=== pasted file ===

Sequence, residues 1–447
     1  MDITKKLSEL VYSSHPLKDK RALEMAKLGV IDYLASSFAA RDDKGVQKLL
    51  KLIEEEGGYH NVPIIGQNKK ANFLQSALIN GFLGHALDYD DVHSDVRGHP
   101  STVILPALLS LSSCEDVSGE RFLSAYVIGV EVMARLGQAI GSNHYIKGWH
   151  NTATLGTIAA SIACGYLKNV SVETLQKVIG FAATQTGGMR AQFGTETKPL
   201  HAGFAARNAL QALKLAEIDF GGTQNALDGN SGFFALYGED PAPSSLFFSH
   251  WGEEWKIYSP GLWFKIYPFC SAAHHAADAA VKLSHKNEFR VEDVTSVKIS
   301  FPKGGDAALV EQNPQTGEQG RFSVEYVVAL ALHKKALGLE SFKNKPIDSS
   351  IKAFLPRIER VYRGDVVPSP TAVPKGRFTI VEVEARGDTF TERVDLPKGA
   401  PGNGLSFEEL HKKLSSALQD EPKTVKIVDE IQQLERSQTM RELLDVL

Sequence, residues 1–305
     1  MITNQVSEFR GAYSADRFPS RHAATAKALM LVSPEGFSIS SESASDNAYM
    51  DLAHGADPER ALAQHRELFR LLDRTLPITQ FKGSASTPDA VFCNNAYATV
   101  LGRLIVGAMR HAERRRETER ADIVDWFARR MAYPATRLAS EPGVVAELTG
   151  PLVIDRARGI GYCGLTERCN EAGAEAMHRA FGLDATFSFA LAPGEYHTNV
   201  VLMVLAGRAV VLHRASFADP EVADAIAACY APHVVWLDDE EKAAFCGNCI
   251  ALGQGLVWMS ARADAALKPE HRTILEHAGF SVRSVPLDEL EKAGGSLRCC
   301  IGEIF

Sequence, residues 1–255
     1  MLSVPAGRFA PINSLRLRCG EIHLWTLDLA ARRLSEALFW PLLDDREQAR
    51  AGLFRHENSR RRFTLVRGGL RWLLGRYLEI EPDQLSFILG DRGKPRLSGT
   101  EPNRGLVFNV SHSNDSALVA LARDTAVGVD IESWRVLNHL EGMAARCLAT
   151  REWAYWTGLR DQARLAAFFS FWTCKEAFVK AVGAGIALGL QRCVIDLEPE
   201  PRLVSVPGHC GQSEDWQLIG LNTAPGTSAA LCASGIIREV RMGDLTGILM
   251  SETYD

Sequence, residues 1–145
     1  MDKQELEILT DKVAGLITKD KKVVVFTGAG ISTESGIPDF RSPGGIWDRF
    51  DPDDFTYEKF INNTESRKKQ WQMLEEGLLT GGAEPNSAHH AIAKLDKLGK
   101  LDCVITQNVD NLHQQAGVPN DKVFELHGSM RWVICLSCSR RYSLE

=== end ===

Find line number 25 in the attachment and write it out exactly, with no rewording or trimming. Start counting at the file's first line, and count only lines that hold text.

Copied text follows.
   251  SETYD